Things up high (I) – Ban Cheong Goldsmith

Let me start a new Series on Things Up High. I am not sure if I am obsessed, but when I am back in Batu Pahat, I walked around Batu Pahat looking high up at the buildings. If you also do that like me, you will realise that many buildings in Batu Pahat have unique designs, symbols or motifs on the walls or roof.

Let me start by showing you Ban Cheong Goldsmith. You can see the this building stands out amongst her neighbours. It is a two in one instead of individual unit. (Though technically you can see two shops).

Ban Cheong Goldsmith

Taking a closer look, it is actually built in 1939.
I wonder is that suppose to be a flag pole, or just a decorative ornament.

Ban Cheong Goldsmith

If you are sharp enough, you will realise on the two corners, there are stone carvings of animals. That is a lion right? I wonder why lions?

Ban Cheong Goldsmith

Look at the motifs, look there’s even two hands that point to the name in the centre.

Ban Cheong Goldsmith

Well, if anyone knows more about this building or what the symbols or motifs mean, share with others here.

3 thoughts on “Things up high (I) – Ban Cheong Goldsmith

  1. Genesis on

    The shops beside Ban Cheong are also goldsmiths and they have also been renovated over the years. I remember Ban Cheong stood majestically in the 50s and 60s along Jalan Enggan. One family who stayed beside Ban Cheong could fill in alot of your questions and one family member was my classmate, his surname being ‘Fung’ and currently reside in USA. I shall drop him a line to ask him more about Ban Cheong.

  2. When I was very young, my mother would bring me to visit an uncle and aunty who lived here .. i recall my visits with fond memories .. but many years have passed, and many people have passed on. I miss those days ..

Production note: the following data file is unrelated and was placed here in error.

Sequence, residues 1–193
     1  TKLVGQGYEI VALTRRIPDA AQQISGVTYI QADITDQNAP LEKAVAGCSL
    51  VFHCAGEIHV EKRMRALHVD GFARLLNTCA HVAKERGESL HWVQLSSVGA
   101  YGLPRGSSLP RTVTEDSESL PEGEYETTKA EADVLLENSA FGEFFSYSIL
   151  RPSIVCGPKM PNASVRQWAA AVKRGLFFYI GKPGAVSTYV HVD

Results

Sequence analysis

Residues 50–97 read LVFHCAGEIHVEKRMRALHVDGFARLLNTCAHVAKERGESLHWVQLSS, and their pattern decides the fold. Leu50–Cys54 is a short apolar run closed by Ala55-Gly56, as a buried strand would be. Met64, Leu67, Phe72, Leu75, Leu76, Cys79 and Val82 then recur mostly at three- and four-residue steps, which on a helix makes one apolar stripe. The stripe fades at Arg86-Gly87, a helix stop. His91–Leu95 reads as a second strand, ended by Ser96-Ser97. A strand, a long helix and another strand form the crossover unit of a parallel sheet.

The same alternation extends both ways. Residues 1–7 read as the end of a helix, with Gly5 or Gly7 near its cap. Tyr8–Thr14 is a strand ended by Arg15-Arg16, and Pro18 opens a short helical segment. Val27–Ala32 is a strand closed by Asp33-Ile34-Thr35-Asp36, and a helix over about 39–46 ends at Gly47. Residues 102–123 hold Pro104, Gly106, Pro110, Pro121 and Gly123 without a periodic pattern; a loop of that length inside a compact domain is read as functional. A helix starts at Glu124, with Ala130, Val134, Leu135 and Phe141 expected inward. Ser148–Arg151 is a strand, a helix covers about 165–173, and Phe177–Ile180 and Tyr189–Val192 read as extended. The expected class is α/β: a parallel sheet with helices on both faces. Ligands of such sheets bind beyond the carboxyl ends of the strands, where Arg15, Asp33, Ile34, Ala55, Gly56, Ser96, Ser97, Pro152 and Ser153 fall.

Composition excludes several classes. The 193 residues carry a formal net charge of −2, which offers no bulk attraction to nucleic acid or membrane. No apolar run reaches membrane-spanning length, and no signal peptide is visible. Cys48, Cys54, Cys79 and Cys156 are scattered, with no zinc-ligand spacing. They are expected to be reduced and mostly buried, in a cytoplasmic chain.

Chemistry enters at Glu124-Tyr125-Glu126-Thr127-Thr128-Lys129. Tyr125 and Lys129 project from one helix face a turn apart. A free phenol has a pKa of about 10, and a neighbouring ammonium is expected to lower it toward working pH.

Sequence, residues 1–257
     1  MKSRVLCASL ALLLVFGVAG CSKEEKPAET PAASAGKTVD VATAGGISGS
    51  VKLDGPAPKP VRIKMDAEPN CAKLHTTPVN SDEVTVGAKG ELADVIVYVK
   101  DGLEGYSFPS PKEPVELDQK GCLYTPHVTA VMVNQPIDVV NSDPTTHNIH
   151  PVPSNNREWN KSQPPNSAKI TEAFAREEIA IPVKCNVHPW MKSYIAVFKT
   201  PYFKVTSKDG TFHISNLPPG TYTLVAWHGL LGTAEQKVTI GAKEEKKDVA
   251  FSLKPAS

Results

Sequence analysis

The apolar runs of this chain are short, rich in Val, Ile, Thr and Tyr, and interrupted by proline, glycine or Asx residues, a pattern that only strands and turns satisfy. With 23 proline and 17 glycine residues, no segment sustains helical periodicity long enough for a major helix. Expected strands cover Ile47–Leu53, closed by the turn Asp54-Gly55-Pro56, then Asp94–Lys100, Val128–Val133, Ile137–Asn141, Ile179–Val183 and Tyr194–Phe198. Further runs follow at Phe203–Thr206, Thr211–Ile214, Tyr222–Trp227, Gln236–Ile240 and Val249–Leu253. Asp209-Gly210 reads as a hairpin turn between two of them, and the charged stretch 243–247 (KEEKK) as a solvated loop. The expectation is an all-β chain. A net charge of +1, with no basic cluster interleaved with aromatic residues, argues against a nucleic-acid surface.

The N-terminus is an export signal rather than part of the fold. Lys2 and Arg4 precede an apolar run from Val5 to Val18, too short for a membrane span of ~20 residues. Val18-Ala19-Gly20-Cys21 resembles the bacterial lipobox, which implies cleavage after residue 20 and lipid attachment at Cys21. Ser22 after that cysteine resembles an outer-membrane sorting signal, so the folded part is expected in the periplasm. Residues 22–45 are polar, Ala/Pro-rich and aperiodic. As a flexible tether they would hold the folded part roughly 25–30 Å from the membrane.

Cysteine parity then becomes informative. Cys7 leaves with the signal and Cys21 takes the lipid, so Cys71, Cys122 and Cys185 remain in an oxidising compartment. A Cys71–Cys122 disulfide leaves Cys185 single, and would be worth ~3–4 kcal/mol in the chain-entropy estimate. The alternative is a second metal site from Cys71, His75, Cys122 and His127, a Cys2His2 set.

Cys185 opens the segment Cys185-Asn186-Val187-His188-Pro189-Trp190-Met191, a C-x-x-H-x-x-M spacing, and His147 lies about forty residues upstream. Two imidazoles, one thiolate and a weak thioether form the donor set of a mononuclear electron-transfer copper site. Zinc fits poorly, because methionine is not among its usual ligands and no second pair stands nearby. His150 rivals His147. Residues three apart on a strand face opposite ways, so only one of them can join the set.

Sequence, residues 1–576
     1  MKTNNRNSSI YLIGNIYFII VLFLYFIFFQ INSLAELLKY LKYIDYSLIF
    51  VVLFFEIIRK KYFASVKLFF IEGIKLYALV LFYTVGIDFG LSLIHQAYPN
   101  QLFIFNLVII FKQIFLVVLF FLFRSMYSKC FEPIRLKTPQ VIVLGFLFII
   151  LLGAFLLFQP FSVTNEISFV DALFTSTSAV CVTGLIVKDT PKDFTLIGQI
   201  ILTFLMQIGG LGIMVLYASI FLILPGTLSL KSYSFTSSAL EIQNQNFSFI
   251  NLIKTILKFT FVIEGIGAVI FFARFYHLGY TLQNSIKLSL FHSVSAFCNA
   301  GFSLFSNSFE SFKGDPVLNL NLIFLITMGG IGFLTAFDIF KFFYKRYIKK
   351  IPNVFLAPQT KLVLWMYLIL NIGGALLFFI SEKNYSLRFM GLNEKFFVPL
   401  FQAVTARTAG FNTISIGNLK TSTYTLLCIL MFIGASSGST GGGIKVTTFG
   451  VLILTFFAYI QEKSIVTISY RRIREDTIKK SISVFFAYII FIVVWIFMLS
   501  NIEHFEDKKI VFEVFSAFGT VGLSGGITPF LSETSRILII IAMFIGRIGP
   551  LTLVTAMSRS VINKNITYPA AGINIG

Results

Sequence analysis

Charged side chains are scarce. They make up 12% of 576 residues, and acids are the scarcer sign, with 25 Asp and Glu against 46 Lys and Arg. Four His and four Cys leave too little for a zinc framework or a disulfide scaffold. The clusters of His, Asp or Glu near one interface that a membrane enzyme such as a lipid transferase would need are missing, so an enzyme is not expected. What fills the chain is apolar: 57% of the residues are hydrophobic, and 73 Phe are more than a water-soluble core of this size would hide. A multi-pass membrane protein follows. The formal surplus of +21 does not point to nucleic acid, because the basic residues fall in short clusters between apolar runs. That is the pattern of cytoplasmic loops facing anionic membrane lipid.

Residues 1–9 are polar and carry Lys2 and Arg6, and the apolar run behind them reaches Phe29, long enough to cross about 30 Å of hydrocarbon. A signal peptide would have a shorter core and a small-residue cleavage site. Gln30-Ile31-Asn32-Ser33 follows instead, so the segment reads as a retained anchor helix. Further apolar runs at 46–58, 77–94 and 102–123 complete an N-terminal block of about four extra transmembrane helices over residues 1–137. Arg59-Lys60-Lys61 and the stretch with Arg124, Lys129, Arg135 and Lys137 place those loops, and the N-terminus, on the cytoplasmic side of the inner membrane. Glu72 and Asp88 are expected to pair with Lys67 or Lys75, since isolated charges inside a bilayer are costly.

3. Mr Chow W. K. on

    Ban Cheong Goldsmith was founded by a Baba Nyonya lady and her husband. Their black and white photos hung prominently inside the shop front. It was filled with old antique furniture downstairs and upstairs. The counter was in solid wood, with brass railings on the counter top. The upstairs was originally 3 bedrooms. The largest bedroom in the front was the bedroom of the Nyonya lady founder. She had a large antique brass railing bed she slept on, and a black and white t.v. They had a bachelor who came from China, Fatt Pak, who worked as a gold repairer there for many years. He slept downstairs on a wooden canvas folding bed. The Baba Nyonya lady had a son, Seow …, who married and had 2 boys, and a daughter. He left home and went to Sabah, for more than 20 years, leaving his wife and children to grow up in the shophouse. The eldest son, Seow Kok Chee was educated in England as the family could afford it then, the younger son, Seow Kok Thai, married a Kuching girl, had 2 daughters and a son, (and like his father, left his family behind in the shophouse and migrated to Haadyai, South Thailand. The youngest, a daughter named “Ah Moi” married a Singaporean and migrated to Singapore.

Leave a Reply

Your email address will not be published. Required fields are marked *